Tuesday, May 3, 2011

Not my intensions…

I have wrote a lot of things about Sam (and Will) and their families and I just write as I think and feel, I am not so good about filtering my thoughts.

I still love Sam, very much. I think about her all the time. I wonder how she is doing and having gone over 3 weeks without talking to her has been torture!

I don’t mean to make all birth parents look bad. Some are great people, some are bad people. Some are very trust worthy and you can have a very open adoption with and it can be a great thing. Some are bad people who you do need to protect your child from.

I hate when other people say negative things about Sam with Emma around! I do NOT want my daughter growing up hearing that her mom is a bad person. I don’t think Sam is a bad person, I think she had made some mistakes and bad decisions. I don’t know Will so I can’t even had an opinion about him, except all I have heard from Sam and Kay are mostly negative things.

2 months ago I trusted Sam 100%. She was welcome in my home any time. She occasionally even baby-sat Emma. I would drop everything I was doing to go help out. Then things came crashing down. I found out our whole relationship was lies. I’m NOT implying that birth parents are bad people. I’m simply blogging about MY experiences!

Should I sugar coat things and leave out anything bad or negative? “So we just found out Sam isn’t pregnant. But we still trust her 100% because she is such a wonderful person. She created my daughter and gave birth to her and decided to do what was best for Emma and place her for adoption. So that means all positive and greats things being said about her. Investing emotionally and finically into this fake baby has been no big deal. Who cares Sam lied, she’s still GREAT! I’ll let her come over and baby-sit Em again any time, even though she has told me she’s still addicted to drugs, I don’t care!” No, because I don’t feel that way.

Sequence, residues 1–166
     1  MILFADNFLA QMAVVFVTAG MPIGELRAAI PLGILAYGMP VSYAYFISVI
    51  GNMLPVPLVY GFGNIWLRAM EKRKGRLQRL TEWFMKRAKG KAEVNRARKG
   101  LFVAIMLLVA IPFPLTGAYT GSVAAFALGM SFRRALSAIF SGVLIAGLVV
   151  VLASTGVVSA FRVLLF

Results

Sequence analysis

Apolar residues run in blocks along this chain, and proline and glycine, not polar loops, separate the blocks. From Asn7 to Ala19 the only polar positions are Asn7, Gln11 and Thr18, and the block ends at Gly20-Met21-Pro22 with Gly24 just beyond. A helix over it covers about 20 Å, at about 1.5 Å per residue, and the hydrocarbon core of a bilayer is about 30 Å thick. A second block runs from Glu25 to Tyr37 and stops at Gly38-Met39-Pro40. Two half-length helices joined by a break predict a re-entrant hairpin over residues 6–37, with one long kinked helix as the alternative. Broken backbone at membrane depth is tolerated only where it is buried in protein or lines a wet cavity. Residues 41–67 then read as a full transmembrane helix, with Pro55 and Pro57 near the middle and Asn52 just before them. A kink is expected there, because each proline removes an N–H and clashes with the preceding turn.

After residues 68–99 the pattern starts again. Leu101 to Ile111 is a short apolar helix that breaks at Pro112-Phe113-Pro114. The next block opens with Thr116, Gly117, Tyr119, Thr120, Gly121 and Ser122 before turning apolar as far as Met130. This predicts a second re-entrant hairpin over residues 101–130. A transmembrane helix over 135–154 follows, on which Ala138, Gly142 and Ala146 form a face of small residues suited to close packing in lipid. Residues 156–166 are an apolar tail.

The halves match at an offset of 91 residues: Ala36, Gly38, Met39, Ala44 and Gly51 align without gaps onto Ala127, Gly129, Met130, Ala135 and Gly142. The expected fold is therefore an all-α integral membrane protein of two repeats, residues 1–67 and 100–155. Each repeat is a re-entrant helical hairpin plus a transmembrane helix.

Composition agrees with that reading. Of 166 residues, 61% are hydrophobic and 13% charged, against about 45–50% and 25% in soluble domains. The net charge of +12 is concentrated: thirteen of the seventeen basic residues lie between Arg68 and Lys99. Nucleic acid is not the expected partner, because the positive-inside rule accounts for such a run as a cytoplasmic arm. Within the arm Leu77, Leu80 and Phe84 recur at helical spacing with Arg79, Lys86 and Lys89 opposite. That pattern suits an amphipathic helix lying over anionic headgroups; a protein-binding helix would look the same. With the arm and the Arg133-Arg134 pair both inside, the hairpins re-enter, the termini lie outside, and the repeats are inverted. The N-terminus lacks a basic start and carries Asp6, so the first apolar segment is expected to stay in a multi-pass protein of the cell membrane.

Sometimes bad things happen. Sometimes people make mistakes. I am in no way implying birth parents are bad people and shouldn’t be trusted. Just personally, my daughter’s birth parents are emotionally un-healthy.

I thought having an open adoption through foster care and I still do think it can be, a great thing. That is was totally safe because I trusted Sam so much!

AND even after all of crap Sam has put us through, we STILL want to maintain contact with her (and Will) because she did create my daughter and I love her for that (and many other reasons). Even though my daughter’s birth parents aren’t the safest people we still believe it is in Emma’s best interests to know them. My husband and I have both agreed that if Will were ever to contact us and want visits with Emma and pictures and to know how she’s doing, we are open to that. As we are also to these things with Sam.

Before we found out Sam was lying about the pregnancy, I only had positive things to say about Sam and our open adoption. I am still hoping to have a (healthy) open adoption in the future.